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03 December 2018 - MI6 'C' Delivers Rare Public Speech at St Andrews University

‘Fourth Generation Espionage’ - Fusing Traditional Human Skills With Innovation

Today, Alex Younger, Chief of MI6, known as ‘C’, addressed students at St Andrews University, as an alumnus of the university. In a rare public address – only his second public speech in his four years as C of the Secret Intelligence Service, he covered a range of subjects, including the need for ‘fourth generation espionage’ in response to the emergence of hybrid threats, and MI6’s role in disrupting of terrorist attacks and countering the threat from nation states. He spoke of the strengthening of security ties in Europe and MI6’s commitment to UK’s law and values. Underpinning the speech was his message to the next generation of recruits he wants to join his organisation.

C described MI6’s mission, and the fundamental need for human intelligence in the era of artificial intelligence. He described the impact of exponential technological change, and the blurring of boundaries traditionally relied upon for our security. He was clear that adversaries are willing to explore ambiguity, and able to take advantage of the blurred line between the cyber and physical worlds, to probe UK institutions and defences in ways that fall short of traditional warfare, but that the UK is well-equipped to counter.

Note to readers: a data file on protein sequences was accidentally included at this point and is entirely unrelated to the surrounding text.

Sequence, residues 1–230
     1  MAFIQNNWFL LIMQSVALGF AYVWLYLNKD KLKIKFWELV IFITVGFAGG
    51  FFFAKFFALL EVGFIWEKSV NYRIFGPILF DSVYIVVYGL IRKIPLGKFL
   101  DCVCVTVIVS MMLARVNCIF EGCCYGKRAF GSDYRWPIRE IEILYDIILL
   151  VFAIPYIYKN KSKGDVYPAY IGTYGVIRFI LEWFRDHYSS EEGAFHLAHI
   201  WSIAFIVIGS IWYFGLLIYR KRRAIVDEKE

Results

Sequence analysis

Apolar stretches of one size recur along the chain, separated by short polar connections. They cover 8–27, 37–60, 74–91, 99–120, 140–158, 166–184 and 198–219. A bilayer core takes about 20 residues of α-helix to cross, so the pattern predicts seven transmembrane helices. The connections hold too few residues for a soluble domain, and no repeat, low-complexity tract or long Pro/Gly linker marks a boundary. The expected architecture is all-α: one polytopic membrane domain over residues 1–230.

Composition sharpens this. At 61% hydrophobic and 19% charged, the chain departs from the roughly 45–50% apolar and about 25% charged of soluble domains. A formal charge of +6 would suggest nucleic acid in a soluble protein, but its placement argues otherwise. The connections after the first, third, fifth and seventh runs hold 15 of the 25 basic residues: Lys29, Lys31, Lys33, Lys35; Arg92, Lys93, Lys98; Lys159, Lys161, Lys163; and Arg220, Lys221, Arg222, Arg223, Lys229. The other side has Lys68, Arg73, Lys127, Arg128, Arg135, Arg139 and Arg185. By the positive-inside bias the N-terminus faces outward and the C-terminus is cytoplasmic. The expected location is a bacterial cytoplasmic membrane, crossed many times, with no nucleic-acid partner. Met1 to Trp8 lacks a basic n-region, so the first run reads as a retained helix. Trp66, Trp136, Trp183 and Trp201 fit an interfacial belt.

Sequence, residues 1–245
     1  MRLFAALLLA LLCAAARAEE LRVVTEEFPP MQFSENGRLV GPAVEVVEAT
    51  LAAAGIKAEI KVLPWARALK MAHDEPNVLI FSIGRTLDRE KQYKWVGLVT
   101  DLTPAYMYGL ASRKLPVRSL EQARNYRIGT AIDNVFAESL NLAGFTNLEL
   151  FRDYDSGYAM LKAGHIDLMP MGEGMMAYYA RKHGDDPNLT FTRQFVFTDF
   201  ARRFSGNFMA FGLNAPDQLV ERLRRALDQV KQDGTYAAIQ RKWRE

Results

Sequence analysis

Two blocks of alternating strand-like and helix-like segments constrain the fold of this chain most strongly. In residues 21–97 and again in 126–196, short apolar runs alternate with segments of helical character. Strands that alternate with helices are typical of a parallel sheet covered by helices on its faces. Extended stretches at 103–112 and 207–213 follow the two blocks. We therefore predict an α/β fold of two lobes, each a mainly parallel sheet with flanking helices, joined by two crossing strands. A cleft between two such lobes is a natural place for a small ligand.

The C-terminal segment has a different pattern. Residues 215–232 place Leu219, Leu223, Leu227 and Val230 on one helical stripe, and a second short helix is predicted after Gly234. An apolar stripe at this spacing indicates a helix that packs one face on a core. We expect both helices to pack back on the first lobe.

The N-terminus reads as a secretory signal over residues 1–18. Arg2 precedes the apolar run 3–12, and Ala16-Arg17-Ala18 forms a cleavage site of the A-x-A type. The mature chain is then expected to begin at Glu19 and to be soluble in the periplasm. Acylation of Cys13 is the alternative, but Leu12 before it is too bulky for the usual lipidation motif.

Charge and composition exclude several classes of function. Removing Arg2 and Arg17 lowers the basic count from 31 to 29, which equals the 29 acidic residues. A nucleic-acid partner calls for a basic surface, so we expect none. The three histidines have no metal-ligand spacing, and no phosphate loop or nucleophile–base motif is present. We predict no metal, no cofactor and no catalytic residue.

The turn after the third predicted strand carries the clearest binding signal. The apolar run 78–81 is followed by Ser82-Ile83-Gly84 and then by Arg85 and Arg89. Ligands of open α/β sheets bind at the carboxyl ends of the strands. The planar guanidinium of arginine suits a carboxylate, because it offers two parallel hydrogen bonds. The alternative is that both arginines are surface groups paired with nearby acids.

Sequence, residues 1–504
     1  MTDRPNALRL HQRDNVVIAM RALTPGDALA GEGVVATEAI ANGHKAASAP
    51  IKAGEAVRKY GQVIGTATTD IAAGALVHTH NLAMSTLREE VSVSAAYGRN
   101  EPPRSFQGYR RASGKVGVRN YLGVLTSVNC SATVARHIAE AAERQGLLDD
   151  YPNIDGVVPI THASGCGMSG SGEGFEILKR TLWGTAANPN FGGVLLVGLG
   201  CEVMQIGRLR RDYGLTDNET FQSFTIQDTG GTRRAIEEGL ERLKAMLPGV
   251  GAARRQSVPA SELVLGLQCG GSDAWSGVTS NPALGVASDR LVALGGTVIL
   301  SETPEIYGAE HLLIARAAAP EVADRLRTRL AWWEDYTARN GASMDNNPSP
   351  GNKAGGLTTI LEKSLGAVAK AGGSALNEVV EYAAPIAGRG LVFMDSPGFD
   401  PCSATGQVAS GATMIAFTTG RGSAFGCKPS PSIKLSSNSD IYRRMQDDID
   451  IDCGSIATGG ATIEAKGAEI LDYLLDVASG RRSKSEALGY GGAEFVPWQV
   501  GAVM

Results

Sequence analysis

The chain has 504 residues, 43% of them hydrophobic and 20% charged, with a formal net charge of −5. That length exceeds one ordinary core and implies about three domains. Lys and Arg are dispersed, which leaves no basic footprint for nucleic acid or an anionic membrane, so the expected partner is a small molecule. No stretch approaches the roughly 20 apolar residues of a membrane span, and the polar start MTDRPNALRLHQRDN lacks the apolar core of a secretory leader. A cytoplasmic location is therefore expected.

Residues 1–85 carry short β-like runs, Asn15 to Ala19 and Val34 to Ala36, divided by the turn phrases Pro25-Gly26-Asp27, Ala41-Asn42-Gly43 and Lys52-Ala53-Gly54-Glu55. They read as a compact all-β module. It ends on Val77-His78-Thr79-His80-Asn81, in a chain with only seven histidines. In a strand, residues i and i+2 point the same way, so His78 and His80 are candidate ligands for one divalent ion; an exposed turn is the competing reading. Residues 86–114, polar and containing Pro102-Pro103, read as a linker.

C described how MI6 and intelligence agencies are evolving a fourth generation espionage to meet the threats of the hybrid age:

“The era of the fourth industrial revolution calls for a fourth generation espionage: fusing our traditional human skills with accelerated innovation, new partnerships and a mind-set that mobilises diversity and empowers the young.”

He reflected on the persistent and evolving threat from terrorism to the UK, and outlined the work of MI6 overseas to disrupt terrorist threats lawfully through partnerships. He said that MI6 and partner agencies have disrupted multiple Daesh attack plans originating overseas. This included important contributions to helping European allies prevent terrorist attacks.

He was clear that the UK faces adversaries who regard themselves as being in a state of perpetual confrontation with us. He described how MI6 and the UK responded to the Salisbury attack by operationalising the UK’s values, legal system and alliances to expose the perpetrators and co-ordinate the collective expulsion of Russian diplomats. He described how this approach is aimed to attach a cost to malign behaviour, and he will “urge Russia, or any other state intent on subverting our way of life, not to underestimate our determination and our capabilities, or those of our allies”.

C discussed how MI6 will continue to work with partner agencies to strengthen indispensable security ties in Europe.

In mastering covert action in the data age, attaching costs to malign activity by adversaries and innovating to ensure that technology works to the advantage of MI6, C was unambiguous about MI6’s commitment to UK law and values, and stressed the unshakeable faith he has in the quality, humanity and decency of the men and women who chose to join MI6.

Finally, C delivered a compelling message on the need for diversity in MI6, to ensure operational effectiveness, and encouraged people across the UK, to consider joining MI6:

“I want to speak to young people who have never seen themselves in MI6… it doesn’t matter where you are from. If you want to make a difference, and you think you have what it takes, then the chances are that you do have what it takes, and we hope you will step forward.”